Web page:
Like the other Assassin’s Creed games, Origins follows a dual storyline. The bulk of the game follows Bajek, a Medjay from ancient Egypt, as he seeks revenge against the Pharaoh Ptolmey XIII for the accidental murder of his son at Bajek’s own hands. Ceaser and Cleopatra have a part to play in the game as well, setting the stage for the beginnings of the long war between the Templar and the Assassins. There are enough twists and turns throughout the plot to keep things incredibly interesting and complex, and I won’t be giving those away here.
As always, the big star of the game is the setting. Ancient Egypt is thankfully not just a giant desert that is boring to explore, but a breathing world full of caves, rivers, lakes and sprawling cities. Memphis is a particular highlight, with rivers cutting through the city and under temples. Like previous Assassin’s Creed games, climbing to the top of giant structures to get a good view is amazing, and having something as iconic as the great pyramids of Giza to do so with brings a smile to your face.
The biggest change comes to character progression, ditching arbitrary sequential upgrades in favor of an open-ended talent system. Unfortunately once you hit around level 20, progression slows as talents start costing two or three points instead of one. I understand the need to not artificially inflate a skill tree with gap skills, but maybe they should have just reduced the level cap from 40 to 30. Thankfully, within a couple hours you feel powerful and diverse enough in your skills that you have plenty of options for executing your targets, and the talents you acquire later on just make you feel like a god.
Combat has also received a huge upgrade tied into the new character progression system. While you were able to upgrade items in previous iterations, Origins has you looting and switching out gear as you play through the game. You can hotkey two types of melee weapons and two types of bows to your d-pad for optimal switching, and there is about a dozen different types of weapons to choose from. These choices are great, but the ability to upgrade weapons to match your current level does allow you to play through the game using the same four weapons if you want. While I do like my spear that steals life on hit, I would much rather have to constantly be forced to change my weaponry around than just upgrade my existing weapons to match my level.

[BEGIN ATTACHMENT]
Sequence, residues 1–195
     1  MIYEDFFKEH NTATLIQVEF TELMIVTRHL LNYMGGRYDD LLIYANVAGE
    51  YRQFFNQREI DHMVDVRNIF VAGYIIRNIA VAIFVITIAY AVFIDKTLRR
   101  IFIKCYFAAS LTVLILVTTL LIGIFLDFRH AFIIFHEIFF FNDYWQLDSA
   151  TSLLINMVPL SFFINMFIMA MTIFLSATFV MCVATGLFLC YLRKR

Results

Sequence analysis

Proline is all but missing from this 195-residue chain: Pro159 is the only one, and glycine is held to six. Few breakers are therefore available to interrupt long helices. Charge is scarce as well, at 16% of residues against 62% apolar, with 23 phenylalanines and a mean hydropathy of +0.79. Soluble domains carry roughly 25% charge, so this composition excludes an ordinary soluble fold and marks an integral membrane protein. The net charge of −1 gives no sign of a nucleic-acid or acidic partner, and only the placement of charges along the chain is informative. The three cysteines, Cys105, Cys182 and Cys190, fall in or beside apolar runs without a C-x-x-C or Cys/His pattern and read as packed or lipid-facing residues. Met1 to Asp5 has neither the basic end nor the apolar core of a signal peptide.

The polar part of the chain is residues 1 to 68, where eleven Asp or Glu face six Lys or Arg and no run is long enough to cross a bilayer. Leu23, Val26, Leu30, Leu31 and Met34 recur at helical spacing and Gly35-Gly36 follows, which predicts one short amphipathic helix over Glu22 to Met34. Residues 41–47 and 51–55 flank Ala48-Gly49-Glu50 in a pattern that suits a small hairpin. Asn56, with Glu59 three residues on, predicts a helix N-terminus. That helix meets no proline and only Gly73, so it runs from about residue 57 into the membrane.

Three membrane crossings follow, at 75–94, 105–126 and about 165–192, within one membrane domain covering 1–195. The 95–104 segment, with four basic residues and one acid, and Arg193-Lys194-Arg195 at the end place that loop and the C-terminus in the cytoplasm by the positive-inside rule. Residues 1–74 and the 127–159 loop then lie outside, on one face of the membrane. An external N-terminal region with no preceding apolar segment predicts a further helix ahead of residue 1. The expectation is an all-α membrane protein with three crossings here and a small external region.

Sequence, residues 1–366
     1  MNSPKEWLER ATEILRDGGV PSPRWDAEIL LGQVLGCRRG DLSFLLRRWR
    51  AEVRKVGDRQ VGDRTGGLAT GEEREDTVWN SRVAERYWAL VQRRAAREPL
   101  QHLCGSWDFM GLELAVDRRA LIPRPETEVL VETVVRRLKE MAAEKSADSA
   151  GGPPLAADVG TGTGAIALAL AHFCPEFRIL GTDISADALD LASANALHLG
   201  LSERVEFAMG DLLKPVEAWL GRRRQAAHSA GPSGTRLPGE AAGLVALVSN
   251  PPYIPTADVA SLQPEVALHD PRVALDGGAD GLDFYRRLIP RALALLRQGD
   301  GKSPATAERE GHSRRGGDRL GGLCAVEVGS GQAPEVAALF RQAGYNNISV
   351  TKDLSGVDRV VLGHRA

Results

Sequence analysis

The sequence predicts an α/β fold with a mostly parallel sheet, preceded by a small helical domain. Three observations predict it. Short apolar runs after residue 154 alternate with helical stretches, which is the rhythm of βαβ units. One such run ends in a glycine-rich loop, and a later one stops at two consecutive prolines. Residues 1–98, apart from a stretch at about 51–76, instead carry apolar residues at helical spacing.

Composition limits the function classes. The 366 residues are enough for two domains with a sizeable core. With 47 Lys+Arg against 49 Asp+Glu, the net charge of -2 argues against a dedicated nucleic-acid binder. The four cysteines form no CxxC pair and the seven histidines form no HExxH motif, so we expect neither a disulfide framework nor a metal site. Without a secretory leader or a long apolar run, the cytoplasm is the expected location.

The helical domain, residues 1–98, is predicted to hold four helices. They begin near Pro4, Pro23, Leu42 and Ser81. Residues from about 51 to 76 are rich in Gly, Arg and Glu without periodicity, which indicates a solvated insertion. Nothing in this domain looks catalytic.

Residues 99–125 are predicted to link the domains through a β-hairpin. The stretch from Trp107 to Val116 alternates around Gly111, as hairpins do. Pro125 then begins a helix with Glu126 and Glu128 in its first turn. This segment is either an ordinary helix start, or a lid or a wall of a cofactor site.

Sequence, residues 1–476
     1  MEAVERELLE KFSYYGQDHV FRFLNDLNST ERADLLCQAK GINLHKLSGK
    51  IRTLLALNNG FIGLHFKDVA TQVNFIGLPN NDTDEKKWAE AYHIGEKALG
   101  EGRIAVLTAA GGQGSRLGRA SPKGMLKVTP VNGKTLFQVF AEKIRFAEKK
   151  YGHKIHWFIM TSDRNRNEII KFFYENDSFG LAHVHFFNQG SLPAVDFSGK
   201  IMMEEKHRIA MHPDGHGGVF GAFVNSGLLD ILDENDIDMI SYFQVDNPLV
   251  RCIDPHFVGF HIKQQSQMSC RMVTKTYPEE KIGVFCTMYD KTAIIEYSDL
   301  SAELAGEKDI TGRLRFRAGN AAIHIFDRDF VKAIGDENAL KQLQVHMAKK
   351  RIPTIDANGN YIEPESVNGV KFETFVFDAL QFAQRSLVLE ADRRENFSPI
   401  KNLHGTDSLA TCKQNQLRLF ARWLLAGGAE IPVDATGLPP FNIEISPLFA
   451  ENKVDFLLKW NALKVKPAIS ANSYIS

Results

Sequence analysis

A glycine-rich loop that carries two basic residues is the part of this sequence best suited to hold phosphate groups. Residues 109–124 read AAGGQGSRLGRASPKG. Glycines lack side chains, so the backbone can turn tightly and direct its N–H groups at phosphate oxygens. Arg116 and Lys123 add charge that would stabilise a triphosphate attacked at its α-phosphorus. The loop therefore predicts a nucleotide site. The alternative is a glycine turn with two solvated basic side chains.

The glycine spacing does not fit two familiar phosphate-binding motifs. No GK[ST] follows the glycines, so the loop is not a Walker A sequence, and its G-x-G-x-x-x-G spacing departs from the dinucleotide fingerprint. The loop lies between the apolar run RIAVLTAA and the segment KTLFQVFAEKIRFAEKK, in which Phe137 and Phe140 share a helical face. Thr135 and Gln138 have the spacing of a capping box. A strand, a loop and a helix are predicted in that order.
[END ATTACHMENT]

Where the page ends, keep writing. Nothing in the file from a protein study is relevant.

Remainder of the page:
Then there is the addition of the shield. This is the only form of defense you get and mastering it is key, especially once you reach level 30 or so. Parrying attacks with the shield is a little cumbersome compared to other 3rd person adventure games, so you will miss a parry more often than not at first. This is mostly a control issue, where parry is mapped to an odd place on the controller. Thankfully you have enough tricks up your sleeve like smoke bombs and tiered, regenerating health to help.
With most open world games, the experience of the sandbox – the unique, player driven way in which situations are approached – is where Origins outshines its predecessors. With a simple up-tap on the D-Pad, you take control of Senu your eagle companion, giving you a literal birds eye view of your surroundings. This replaces the series ‘eagle vision’ where enemies would just get highlighted red and collectibles would just get highlighted gold. Now, you have to mark things using Senu, and if you don’t see any enemy with Senu, you don’t see the enemy until it is too late and they are already calling for reinforcements. This is a great way for Ubisoft to take off the training wheels and crutches players have relied on for years, all while making the game better at the same time.
Later story beats, and certain collectibles, will be met with eye rolls, but Assassin’s Creed has always straddled that line between a serious look at history and a tongue-in-cheek style B-movie. Thankfully, it all comes together in the end, with a final mission that will have history buffs grinning.
While this isn’t the first Assassin’s Creed game for this generation of consoles, it surely feels like the first. Black Flag, Unity, and Syndicate all had at least one foot in the previous generation due to long development periods for these titles, and Origins finally feels like a fresh new take. Combat has changed for the better thanks to a generous loot system, and the addition of Senu allows for complex and fresh ways to tackle a stronghold. Hopefully Ubisoft keeps up the good work with the next Assassin’s Creed, and it doesn’t rush another one out the door in the next 18 months.
Review copy of Assassin’s Creed Origins for the Playstation 4 was provided by Ubisoft.
This review originally appeared on RoguesPortal.com.